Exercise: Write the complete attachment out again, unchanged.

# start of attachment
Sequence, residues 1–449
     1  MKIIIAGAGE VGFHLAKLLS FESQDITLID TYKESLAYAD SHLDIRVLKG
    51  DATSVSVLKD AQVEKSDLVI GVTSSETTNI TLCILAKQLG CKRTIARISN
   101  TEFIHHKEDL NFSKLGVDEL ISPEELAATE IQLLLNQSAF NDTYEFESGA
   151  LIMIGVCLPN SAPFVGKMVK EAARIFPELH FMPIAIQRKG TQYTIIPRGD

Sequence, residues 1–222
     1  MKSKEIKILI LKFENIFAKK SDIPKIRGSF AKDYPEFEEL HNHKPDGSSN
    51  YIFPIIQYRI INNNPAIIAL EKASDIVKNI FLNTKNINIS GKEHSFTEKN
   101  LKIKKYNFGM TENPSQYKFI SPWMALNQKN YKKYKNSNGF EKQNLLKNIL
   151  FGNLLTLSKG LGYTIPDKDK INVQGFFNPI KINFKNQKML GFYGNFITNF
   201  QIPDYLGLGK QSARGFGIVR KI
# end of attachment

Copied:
Sequence, residues 1–449
     1  MKIIIAGAGE VGFHLAKLLS FESQDITLID TYKESLAYAD SHLDIRVLKG
    51  DATSVSVLKD AQVEKSDLVI GVTSSETTNI TLCILAKQLG CKRTIARISN
   101  TEFIHHKEDL NFSKLGVDEL ISPEELAATE IQLLLNQSAF NDTYEFESGA
   151  LIMIGVCLPN SAPFVGKMVK EAARIFPELH FMPIAIQRKG TQYTIIPRGD

Sequence, residues 1–222
     1  MKSKEIKILI LKFENIFAKK SDIPKIRGSF AKDYPEFEEL HNHKPDGSSN
    51  YIFPIIQYRI INNNPAIIAL EKASDIVKNI FLNTKNINIS GKEHSFTEKN
   101  LKIKKYNFGM TENPSQYKFI SPWMALNQKN YKKYKNSNGF EKQNLLKNIL
   151  FGNLLTLSKG LGYTIPDKDK INVQGFFNPI KINFKNQKML GFYGNFITNF
   201  QIPDYLGLGK QSARGFGIVR KI